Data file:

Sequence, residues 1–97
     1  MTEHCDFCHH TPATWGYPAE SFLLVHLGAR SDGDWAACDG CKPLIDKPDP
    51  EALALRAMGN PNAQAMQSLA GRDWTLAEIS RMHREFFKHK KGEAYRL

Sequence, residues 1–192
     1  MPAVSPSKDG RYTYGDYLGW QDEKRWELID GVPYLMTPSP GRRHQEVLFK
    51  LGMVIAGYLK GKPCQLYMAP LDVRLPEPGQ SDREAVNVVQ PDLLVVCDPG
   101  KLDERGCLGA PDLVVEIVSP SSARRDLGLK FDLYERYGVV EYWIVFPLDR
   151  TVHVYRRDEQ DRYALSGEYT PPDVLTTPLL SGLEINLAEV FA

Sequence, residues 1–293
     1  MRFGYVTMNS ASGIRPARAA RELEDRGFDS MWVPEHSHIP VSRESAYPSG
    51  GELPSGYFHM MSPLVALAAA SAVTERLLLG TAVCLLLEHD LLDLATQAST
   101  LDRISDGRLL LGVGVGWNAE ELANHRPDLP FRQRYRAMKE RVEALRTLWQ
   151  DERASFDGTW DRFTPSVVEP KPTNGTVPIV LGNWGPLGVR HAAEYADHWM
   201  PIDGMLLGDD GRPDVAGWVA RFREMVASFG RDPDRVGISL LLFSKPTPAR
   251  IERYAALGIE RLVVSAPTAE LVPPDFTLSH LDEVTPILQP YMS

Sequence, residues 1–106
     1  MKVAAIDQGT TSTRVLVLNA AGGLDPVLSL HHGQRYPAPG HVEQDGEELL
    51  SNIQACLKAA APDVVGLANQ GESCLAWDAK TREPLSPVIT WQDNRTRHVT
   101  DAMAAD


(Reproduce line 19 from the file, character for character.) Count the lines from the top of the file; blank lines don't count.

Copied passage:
   101  DAMAAD